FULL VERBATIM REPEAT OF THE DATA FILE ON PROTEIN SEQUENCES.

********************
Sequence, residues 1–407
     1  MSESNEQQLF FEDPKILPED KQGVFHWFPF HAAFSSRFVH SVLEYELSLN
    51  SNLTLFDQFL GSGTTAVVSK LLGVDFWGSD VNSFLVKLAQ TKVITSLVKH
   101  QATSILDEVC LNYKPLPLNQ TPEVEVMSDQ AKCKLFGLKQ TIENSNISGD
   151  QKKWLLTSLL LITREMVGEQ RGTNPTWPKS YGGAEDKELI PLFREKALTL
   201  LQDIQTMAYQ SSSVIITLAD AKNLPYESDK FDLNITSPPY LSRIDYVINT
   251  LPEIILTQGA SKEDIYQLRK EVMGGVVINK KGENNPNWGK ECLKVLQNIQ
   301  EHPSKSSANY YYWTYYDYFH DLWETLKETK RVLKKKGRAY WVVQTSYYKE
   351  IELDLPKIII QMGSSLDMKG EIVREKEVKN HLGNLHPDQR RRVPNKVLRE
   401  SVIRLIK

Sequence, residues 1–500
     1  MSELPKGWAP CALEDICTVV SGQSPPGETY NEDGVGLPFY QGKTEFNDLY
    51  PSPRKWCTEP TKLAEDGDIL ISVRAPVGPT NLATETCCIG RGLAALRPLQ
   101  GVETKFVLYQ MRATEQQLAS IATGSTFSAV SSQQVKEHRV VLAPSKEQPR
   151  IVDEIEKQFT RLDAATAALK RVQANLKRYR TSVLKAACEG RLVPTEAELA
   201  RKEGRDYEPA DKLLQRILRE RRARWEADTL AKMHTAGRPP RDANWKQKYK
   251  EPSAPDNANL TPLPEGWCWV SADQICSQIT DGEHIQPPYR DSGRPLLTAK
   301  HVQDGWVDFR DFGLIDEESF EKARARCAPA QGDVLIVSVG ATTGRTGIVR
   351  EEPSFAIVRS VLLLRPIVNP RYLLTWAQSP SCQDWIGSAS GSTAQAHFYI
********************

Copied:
Sequence, residues 1–407
     1  MSESNEQQLF FEDPKILPED KQGVFHWFPF HAAFSSRFVH SVLEYELSLN
    51  SNLTLFDQFL GSGTTAVVSK LLGVDFWGSD VNSFLVKLAQ TKVITSLVKH
   101  QATSILDEVC LNYKPLPLNQ TPEVEVMSDQ AKCKLFGLKQ TIENSNISGD
   151  QKKWLLTSLL LITREMVGEQ RGTNPTWPKS YGGAEDKELI PLFREKALTL
   201  LQDIQTMAYQ SSSVIITLAD AKNLPYESDK FDLNITSPPY LSRIDYVINT
   251  LPEIILTQGA SKEDIYQLRK EVMGGVVINK KGENNPNWGK ECLKVLQNIQ
   301  EHPSKSSANY YYWTYYDYFH DLWETLKETK RVLKKKGRAY WVVQTSYYKE
   351  IELDLPKIII QMGSSLDMKG EIVREKEVKN HLGNLHPDQR RRVPNKVLRE
   401  SVIRLIK

Sequence, residues 1–500
     1  MSELPKGWAP CALEDICTVV SGQSPPGETY NEDGVGLPFY QGKTEFNDLY
    51  PSPRKWCTEP TKLAEDGDIL ISVRAPVGPT NLATETCCIG RGLAALRPLQ
   101  GVETKFVLYQ MRATEQQLAS IATGSTFSAV SSQQVKEHRV VLAPSKEQPR
   151  IVDEIEKQFT RLDAATAALK RVQANLKRYR TSVLKAACEG RLVPTEAELA
   201  RKEGRDYEPA DKLLQRILRE RRARWEADTL AKMHTAGRPP RDANWKQKYK
   251  EPSAPDNANL TPLPEGWCWV SADQICSQIT DGEHIQPPYR DSGRPLLTAK
   301  HVQDGWVDFR DFGLIDEESF EKARARCAPA QGDVLIVSVG ATTGRTGIVR
   351  EEPSFAIVRS VLLLRPIVNP RYLLTWAQSP SCQDWIGSAS GSTAQAHFYI